While presenting our message of Truly Human Leadership, our CEO Bob Chapman is often asked: What about the people who don't get it? What about the people who actively work against positive change?
Barry-Wehmiller has acquired more than 130 companies and we've certainly found that the people within that company are a product of their experiences. They may have experienced great leaders in their past or, more likely, they have had some negative experiences. Consequently, some have difficulty trusting our leadership message. That’s okay. We’re all at a different point on this journey, and we have to be patient and trust that the skeptics will eventually see the transformative power it can have—on both their work lives and their personal lives.
On this podcast, you'll hear the story of Randall Fleming, who was a welder in our BW Papersystems company in Phillips, Wisconsin, and very much a skeptic. Randall's story is testament to the life-changing power of meaningful work. It's what happens when you establish a workplace culture of empathy and shared purpose as opposed to the "command and control" atmosphere of most traditional management environments.
When Lean was introduced to the Barry-Wehmiller organization a number of years ago, CEO Bob Chapman's concern was that people would be lost along the way. But we found a way to adopt Lean methods and stay true to our Guiding Principles of Leadership.
Instead of using Lean to reduce waste, we use it to reduce frustration. It's part of the bag of tools we use in continuous improvement to ensure a stable and thriving business for the benefit of our people. It's part of our overall Operational Excellence strategy. Our vision is about engaging people’s head, heart and hands in creating their own future and actively shaping the legacy of the business every day.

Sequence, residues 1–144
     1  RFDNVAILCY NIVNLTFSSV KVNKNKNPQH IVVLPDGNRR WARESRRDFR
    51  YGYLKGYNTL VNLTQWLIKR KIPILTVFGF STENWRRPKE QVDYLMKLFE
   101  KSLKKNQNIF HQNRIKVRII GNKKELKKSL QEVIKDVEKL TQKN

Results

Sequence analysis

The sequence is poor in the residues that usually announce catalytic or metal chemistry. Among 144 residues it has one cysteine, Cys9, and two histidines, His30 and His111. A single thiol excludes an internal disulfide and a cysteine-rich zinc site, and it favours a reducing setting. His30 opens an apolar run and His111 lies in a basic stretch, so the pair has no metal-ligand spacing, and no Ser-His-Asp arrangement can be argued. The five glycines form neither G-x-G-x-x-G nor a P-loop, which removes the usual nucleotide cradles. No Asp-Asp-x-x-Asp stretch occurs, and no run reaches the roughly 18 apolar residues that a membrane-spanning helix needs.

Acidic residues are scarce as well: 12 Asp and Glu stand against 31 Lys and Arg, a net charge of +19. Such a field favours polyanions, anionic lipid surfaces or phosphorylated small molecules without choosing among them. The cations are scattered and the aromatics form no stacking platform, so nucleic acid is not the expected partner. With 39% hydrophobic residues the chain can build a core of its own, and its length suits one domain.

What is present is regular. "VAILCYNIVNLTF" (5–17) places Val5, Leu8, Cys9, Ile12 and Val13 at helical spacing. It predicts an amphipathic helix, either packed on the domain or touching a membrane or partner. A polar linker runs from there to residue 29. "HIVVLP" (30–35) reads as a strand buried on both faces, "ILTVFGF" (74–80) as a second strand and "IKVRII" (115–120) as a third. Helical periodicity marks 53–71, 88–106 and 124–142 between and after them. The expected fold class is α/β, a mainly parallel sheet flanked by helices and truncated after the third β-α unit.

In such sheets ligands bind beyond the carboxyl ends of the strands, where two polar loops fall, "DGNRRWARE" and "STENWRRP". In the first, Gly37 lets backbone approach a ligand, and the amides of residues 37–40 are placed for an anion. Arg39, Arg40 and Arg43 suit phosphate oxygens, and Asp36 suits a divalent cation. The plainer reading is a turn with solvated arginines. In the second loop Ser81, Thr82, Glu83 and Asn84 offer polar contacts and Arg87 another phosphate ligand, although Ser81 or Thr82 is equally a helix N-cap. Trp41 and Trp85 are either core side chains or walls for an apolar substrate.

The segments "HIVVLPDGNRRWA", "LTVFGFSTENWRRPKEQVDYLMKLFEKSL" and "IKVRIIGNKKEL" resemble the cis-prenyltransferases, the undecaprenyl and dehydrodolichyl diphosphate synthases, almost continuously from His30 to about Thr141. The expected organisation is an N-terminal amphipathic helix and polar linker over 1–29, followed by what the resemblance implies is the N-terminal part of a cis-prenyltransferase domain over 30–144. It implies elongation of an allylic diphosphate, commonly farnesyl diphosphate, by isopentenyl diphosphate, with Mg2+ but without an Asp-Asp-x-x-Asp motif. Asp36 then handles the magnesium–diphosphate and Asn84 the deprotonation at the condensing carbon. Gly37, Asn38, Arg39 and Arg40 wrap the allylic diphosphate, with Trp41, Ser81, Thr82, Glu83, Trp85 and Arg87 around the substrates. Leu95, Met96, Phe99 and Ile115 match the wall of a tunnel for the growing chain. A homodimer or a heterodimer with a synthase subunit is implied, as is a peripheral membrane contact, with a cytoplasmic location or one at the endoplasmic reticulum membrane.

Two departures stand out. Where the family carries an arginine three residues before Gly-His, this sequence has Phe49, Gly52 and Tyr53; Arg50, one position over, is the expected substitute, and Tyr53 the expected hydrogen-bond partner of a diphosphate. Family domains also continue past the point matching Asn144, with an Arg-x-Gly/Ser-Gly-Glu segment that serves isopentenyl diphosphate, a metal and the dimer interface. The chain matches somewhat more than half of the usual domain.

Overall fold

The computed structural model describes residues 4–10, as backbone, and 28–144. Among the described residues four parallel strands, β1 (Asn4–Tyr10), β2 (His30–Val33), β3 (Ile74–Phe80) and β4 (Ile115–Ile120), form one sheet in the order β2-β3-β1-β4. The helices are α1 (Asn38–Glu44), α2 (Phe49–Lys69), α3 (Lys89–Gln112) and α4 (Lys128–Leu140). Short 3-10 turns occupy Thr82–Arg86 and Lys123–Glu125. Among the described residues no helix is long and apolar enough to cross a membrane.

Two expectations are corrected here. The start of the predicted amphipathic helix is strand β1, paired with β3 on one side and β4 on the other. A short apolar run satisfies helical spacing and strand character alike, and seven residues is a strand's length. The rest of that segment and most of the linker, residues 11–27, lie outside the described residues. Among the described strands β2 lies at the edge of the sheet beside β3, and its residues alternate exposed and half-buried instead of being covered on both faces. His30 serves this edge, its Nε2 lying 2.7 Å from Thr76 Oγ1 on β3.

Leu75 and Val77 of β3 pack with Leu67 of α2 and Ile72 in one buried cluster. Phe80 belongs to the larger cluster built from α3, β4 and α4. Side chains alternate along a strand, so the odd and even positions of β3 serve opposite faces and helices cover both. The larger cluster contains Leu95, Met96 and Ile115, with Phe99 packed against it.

On this podcast, we take a look at how our approach to Lean puts people at the center to make it about eliminating frustration, not waste. In addition, you'll hear an interview with Jacob Stoller, author of The Lean CEO. Jacob’s book features a number of organizations, which, like Barry-Wehmiller, found a way to empower people, not processes. And that is the true power of Lean.
John Michel is a former Air Force General who has not only used his leadership experience in service of his country, but also to help transform businesses into places that think more about people than profit.
John has written two books, (No More) Mediocre Me: How Saying No to the Status Quo Will Propel You From Ordinary to Extraordinary and The Art of Positive Leadership. He has written articles for the Harvard Business Review, Fast Company, Huffington Post, National Geographic, Joint Forces Quarterly, and the Washington Post.
In addition to writing and speaking about leadership, John has held executive positions in the transportation and aeronautics industries and is an entrepreneur in the hospitality industry.
John talks about his leadership journey and what he's learned from Barry-Wehmiller in an interview with Brent Stewart and Mary Rudder on this podcast.